Family decisions from days gone by can have a lasting impact on farms today, as has recently been discovered by a number of families who have found reason to ask Hobbs Parker Property Consultants for advice.
From the 1950s there was an increase in demand for agricultural workers. Combine this with the natural wish of farmers to be succeeded by their children and there was a surge in the number of homes gaining permission for their offspring or other agricultural workers on farms.
These homes were usually small bungalows and invariably had a planning condition imposed to restrict their occupation to people employed in agriculture. That was fine at the time, but more than half a century later those residents are retiring and their children often no longer wish to follow in their footsteps (if the farm is still there), meaning the home needs to be sold. However, the agricultural occupancy condition often makes it harder to sell by reducing the pool of buyers and in some cases can see the value of the house dropping by around 25-30 per cent.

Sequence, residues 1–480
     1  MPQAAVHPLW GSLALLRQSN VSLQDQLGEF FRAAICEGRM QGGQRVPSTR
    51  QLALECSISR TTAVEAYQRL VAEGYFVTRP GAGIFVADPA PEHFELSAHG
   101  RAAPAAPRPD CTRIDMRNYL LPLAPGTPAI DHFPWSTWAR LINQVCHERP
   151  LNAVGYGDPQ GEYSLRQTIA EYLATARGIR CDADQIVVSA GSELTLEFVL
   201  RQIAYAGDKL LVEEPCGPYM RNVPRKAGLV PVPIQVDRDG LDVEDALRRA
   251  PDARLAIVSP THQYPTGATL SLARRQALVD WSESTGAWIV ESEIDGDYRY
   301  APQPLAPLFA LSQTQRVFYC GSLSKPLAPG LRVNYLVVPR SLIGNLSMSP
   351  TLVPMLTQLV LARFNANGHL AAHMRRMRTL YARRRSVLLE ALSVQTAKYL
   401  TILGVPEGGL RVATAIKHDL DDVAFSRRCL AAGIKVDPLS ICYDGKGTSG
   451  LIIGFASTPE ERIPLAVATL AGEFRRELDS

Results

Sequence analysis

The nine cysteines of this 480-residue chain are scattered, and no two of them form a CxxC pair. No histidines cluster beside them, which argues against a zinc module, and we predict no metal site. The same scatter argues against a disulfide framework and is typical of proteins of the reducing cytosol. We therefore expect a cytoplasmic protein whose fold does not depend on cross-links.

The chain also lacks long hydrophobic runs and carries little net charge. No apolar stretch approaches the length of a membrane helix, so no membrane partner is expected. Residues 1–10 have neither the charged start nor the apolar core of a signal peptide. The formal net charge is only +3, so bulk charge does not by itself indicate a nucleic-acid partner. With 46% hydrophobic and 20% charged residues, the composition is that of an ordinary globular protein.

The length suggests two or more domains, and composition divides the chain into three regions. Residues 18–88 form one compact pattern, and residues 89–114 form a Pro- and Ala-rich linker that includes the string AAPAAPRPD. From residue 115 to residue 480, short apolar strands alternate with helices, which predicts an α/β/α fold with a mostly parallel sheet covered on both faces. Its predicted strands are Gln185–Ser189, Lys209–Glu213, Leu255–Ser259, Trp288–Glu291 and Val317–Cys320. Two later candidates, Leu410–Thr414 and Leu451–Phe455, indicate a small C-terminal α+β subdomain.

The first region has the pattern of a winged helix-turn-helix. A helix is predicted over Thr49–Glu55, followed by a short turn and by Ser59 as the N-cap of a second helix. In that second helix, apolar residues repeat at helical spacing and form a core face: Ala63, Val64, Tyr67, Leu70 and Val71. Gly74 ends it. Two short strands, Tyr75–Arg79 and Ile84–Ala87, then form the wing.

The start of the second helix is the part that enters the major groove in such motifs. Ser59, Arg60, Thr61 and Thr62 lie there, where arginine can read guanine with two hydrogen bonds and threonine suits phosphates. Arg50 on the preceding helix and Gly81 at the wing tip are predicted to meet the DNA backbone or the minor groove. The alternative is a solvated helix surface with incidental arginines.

That’s where we come in, reviewing the situation and submitting planning applications to remove the condition, having achieved several successes this year.
Despite the changing face of farming, there are also farmers who are continuing to expand and we can advise farmers in connection with obtaining permission to build new homes on their land for the future farming generation.